There seems to be fairly poor tracking by any formal standards once a product is approved as a food additive. Despite supposedly tracking adverse reactions, the reality has been different at the FDA. Aspartame is a case in point. Apparent collusion, distorted research reports, lack of funding for independent research, questionable practices in tracking adverse reactions and reporting them. It's a pretty ugly sounding story. It's been said that Aspartame is a contract on humanity.
Are the estimates (in the report above) of the real number of toxic reactions accurate? I'm no epidemiologist but what struck me was the large number of serious toxic reactions reported by pilots. My conclusion -- I won't use the stuff. And there are suggestions that the offshoot - Neotame - may be even worse.
Everyone pretty much knows the kinds of problems that have been reported with cyclamates and Saccharin. Weirdly - perhaps bad tracking? - the actual dangers still seem unclear after many years of use. However, as I read it, they seem to be substantially less toxic than some more recent artificial sweeteners.
Splenda is the latest and greatest. Reportedly manufactured from sugar by substituting 3 chlorine atoms for 3 hydroxyl groups, some claim that the end product is not what it should be. Apparently if it were made from sugar then when you dissolve it in water (hydrolyze), it ought to produce chlorinated glucose which is a known toxin. Instead it produces chlorinated monosaccharides.
Splenda, or sucralose, is a chlorocarbon. Chlorocarbons have an illustrious history, being known for causing organ, reproductive and genetic damage. Whether sucralose (Splenda) is as safe as the manufacturer claims (which is pretty much what manufacturers always claim) remains to be seen.
Andrew Weil, MD has some pertinent - and more moderate comments on Aspartame and Splenda : "Aspartame: Can a Little Bit Hurt". He suggests using the "precautionary" principle - which basically says if there are questions about the safety of a product, don't use it.
At this point, I think it's my head that's spinning. I'm uncertain whether Splenda is safe, reasonably safe, slightly risky or seriously risky. When I looked at the manufacturer's site and a couple other sites that were all enthused about Splenda, I didn't see any answers to the points the critics are making. Mostly it's all lightness, sweetness and the miracle of modern science.
Like you I've seen some miracles of modern science turn into nightmares when the testing wasn't adequate, when the results were fudged, when coverups went on. So questions exist about all the artificial sweeteners. Splenda may be less dangerous than Aspartame (which I sure wouldn't recommend to anyone). Long-term and independent studies are lacking. And here's the real kicker:
***** From Consumers' Research Magazine "There is no clear-cut evidence that sugar substitutes are useful in weight reduction. On the contrary, there is some evidence that these substances may stimulate appetite."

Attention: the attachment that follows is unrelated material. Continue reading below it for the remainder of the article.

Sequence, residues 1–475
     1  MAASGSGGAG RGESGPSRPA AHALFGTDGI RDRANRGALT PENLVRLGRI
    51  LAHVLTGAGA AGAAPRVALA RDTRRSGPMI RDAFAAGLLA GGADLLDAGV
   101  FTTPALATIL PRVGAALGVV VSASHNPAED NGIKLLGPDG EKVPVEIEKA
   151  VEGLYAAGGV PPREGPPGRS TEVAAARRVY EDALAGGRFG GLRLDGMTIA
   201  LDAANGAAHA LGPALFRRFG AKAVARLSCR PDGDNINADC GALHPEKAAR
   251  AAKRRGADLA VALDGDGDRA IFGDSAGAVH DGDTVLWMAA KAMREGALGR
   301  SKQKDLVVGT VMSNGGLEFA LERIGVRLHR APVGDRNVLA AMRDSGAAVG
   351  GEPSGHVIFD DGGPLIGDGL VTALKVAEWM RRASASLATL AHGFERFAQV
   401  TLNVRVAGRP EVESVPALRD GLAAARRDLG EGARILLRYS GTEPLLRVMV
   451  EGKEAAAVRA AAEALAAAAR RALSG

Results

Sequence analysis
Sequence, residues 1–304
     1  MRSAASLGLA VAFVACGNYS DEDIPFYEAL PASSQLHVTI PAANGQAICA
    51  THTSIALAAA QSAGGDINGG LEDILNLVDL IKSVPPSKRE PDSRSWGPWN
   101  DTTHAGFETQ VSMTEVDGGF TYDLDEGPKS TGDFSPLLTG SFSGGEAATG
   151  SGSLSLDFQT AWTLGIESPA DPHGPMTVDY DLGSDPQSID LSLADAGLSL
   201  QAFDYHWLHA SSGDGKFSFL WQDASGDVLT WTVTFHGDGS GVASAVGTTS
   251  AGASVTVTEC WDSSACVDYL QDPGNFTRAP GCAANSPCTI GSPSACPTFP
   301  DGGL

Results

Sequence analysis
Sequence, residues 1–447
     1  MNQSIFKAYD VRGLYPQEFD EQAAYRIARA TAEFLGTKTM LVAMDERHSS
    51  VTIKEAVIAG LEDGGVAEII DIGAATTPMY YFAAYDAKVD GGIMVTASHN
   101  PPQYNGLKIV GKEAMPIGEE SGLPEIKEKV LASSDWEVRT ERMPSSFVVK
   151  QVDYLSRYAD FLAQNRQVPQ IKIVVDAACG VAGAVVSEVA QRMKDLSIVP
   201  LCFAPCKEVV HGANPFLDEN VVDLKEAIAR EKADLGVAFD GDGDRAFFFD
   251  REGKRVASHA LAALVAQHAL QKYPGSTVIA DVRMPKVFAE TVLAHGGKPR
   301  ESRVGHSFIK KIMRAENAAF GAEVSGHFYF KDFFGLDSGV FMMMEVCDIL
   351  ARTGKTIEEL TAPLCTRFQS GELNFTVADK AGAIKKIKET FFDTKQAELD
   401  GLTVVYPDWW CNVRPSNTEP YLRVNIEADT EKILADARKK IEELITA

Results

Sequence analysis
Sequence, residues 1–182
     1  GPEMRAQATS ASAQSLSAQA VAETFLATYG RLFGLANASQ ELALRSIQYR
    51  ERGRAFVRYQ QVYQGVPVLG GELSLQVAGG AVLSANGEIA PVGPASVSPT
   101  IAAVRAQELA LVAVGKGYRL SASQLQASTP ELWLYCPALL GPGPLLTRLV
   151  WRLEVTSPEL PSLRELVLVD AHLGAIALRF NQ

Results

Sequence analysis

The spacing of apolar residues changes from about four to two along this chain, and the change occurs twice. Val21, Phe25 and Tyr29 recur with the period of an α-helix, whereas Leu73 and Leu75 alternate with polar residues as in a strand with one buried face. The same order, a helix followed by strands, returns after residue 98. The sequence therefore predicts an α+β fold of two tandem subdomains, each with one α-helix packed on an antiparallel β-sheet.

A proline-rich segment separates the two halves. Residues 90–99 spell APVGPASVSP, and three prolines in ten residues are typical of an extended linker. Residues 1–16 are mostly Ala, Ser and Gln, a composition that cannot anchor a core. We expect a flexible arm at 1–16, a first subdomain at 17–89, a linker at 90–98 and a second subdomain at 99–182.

Now that just tears it. Risk your health using one of these chemicals and then end up eating more because it stimulates your appetite. Terrific.
So what alternatives are there? Surprisingly there are quite a few. One interesting alternative is a South American plant called Stevia. Apparently once considered a potential threat to the sugar industry, it seems to have been deep-sixed early in the twentieth century. It has been used as a sweetener for centuries by South American natives. In the U.S., it seems (somehow) to have been kept from being available as an "additive" and the FDA has said not enough studies have been done. Yet it's widely used by diabetics and in countries such as Japan and Brazil. Stevia is available at health stores as a supplement (though without any indication that it could be used as a sweetener). It's a fascinating story which you can read : - The Stevia Story
More information on alternative sweeteners is in our article: "Healthier Alternatives to Artificial Sweeteners."
Our health is challenged on all sides these days. New chemicals, new additives, genetically engineered foods, highly processed foods, empty calories, stress and pollution all pose threats to our bodies. I've come to the conclusion that the fewer highly processed, chemically enhanced, questionably assessed, factory created products we ingest, the better off we will probably be.
Our bodies evolved as a part of the natural world and though we are changing the world radically (which is only natural, it is what people do after all), our bodies do not evolve and adapt at the rate technology changes. And for scientific, political and economic reasons, the quality and thoroughness of evaluations done on newly created products don't match up to our industrial creativity.
Finally, balancing the need to lose weight (or maintain an optimum weight) against potential risks creates difficult choices. It's up to you to make the best choice you can for your specific situation -- just remember, that old saw still holds - Let the buyer beware. standards once a product is approved as a food additive. Despite supposedly tracking adverse reactions, the reality has been different at the FDA. Aspartame is a case in point. Apparent collusion, distorted research reports, lack of funding for independent research, questionable practices in tracking adverse reactions and reporting them. It's a pretty ugly sounding story. It's been said that Aspartame is a contract on humanity.
By Richard Keir
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